Call it symmetry, call it coincidence, call it meant to be. Whatever you call it I can't help, but think it's only fitting that when you are standing on the future playing field at Polar Park off in the distance you can see The College of the Holy Cross looking down over the future ballpark. The college is home to Fitton Field, one of the oldest baseball diamonds in the city. The field turns 132 years old this year. Many baseball greats have made stops at the college on the hill, but 80 years ago today the greatest hitter of all time hit his first home run in a Red Sox uniform in Massachusetts at this very place.
Ted Williams was about to begin his first full season in the big leagues and the Red Sox were finishing up their spring training schedule with some exhibition games with area colleges. Over 4,000 fans braved the cold weather to see the highly touted Williams play in his first game ever in Massachusetts in a Red Sox uniform. He didn't take long to get the crowd buzzing. Williams, who was batting sixth that day came up in the top of the first inning. Jim Tabor, along with future Hall of Famers, Joe Cronin and Jimmie Foxx were on base. The young rookie sent a pitch by Crusader pitcher Mike Klarnick deep to center field. There were no fences at Fitton back then so the ball kept rolling until it stopped right before the football field. Grand slam and history was made.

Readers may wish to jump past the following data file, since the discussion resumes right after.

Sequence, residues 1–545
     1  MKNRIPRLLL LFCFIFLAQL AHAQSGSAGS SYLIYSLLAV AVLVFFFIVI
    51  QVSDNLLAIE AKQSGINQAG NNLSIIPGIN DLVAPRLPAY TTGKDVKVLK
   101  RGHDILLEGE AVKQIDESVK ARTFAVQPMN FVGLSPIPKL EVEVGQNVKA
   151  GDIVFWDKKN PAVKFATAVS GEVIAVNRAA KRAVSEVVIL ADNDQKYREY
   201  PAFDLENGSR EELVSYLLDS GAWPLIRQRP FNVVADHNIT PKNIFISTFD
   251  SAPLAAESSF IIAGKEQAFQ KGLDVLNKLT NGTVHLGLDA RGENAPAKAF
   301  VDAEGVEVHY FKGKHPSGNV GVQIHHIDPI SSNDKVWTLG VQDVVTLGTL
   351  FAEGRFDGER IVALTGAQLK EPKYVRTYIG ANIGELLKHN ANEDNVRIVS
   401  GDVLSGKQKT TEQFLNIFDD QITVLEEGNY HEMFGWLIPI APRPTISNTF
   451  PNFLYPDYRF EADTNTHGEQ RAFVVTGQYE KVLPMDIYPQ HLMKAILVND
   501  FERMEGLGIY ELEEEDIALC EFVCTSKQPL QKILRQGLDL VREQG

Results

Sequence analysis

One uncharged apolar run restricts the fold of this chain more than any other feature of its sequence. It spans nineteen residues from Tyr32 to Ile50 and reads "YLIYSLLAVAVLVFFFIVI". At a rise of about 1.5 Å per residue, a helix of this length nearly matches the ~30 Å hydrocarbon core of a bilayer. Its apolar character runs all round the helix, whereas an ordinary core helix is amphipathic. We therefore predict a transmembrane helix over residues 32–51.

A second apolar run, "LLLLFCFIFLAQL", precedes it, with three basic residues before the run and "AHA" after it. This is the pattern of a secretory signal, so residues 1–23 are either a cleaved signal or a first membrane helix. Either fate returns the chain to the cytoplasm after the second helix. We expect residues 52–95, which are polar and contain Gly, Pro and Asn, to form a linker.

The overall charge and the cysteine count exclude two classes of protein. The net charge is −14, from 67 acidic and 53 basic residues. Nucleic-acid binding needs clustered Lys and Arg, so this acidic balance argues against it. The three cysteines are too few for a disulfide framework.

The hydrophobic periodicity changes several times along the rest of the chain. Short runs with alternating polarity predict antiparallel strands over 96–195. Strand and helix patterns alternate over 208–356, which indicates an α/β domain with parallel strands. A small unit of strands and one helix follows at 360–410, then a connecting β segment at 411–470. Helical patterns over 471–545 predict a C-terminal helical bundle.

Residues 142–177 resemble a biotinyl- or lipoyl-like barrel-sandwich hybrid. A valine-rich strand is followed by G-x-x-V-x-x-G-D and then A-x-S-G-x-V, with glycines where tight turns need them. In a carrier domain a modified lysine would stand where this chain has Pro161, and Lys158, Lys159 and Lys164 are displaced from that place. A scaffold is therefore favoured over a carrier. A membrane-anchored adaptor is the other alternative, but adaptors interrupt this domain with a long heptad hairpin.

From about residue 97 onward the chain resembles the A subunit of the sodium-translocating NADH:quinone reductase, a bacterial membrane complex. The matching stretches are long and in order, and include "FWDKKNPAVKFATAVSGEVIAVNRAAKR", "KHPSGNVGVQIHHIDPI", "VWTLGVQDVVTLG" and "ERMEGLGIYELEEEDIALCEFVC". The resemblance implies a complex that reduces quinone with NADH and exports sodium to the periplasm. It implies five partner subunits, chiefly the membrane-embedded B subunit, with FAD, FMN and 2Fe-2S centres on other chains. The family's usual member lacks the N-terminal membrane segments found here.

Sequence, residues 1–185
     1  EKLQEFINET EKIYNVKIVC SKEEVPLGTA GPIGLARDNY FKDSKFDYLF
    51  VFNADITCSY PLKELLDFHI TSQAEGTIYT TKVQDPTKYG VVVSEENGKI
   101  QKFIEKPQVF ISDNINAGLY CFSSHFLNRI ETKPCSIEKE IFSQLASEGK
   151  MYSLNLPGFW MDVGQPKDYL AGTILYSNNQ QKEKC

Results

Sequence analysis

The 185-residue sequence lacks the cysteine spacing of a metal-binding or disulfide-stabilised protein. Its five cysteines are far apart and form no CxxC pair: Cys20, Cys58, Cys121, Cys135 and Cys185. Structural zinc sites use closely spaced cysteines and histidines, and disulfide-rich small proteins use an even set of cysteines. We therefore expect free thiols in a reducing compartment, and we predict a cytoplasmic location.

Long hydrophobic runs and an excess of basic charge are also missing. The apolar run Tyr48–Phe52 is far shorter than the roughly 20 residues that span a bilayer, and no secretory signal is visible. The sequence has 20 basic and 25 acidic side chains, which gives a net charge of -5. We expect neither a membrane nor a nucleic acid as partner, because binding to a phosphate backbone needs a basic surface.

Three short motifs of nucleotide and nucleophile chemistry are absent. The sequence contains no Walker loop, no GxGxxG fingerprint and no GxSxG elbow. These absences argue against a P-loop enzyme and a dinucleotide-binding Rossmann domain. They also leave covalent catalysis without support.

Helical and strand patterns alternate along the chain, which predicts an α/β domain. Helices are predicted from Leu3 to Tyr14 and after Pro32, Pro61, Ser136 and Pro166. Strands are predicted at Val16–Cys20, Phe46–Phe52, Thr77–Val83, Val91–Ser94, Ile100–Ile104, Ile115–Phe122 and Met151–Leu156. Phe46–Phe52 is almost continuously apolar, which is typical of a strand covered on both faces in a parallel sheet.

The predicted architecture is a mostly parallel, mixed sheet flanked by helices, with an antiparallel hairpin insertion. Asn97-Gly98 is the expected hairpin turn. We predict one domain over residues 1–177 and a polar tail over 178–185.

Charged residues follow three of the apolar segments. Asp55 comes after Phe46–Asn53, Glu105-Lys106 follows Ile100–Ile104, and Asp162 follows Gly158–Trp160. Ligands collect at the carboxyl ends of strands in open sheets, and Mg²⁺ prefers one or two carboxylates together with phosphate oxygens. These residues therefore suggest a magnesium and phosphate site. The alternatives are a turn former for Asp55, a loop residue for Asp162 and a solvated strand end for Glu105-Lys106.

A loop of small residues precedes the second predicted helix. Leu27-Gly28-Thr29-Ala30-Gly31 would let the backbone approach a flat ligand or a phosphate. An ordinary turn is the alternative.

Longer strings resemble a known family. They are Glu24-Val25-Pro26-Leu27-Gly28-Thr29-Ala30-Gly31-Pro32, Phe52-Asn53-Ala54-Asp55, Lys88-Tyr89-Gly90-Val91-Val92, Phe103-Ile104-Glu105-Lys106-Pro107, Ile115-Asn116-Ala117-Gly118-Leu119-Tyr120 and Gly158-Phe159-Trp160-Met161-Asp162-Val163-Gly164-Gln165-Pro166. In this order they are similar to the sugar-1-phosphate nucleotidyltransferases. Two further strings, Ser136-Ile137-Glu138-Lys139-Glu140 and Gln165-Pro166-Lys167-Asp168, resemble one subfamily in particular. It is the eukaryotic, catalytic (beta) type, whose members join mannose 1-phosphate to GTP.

Williams would add an rbi single later in the game and the Sox cruised to an easy 14-2 victory. Three days later Ted would go 0-4 against Yale, striking out three times, but we won't talk about that one. Six days after Teddy's historic home run in Worcester he started in his first Major League game at Yankee Stadium. He would hit his first official home run (this one cleared the fence) against the Philadelphia Athletics on April 23rd. He would go on to hit 520 more.
Some other interesting notes about that historic game at Fitton Field: The umpire you see in the picture above was George Pipgras. He was a former major league pitcher with the Red Sox and Yankees. Even more interesting was that catching for the Sox that day was Worcester native, Gene Desautels, who played 13 years in the big leagues. He was also very familiar with Fitton Field. He was a star player for Holy Cross during his college days.
Worcester Native: Gene Desautels
View of Holy Cross from Present Day Polar Park
This game wasn't the first time Fitton Field played host to Major League teams and Ted Williams wasn't the first big star to come through Worcester. Five years earlier Casey Stengel's Brooklyn Dodgers came to town and wouldn't you know it, Holy Cross actually beat the Dodgers 5-4. A year later Babe Ruth and the Boston Braves beat the Crusaders 5-2. Ruth would retire a month later. On June 9, 1922 Holy Cross beat Columbia University 8-5 at Fitton Field. The Columbia team had a sophomore named Lou Gehrig. The following June this Gehrig kid was playing for another New York ball club called the Yankees.
In its long storied history Holy Cross has "graduated" 121 players to the Major Leagues and now the college looks down at Polar Park that will also be the last stop for wannabe big league stars before they graduate to the Majors.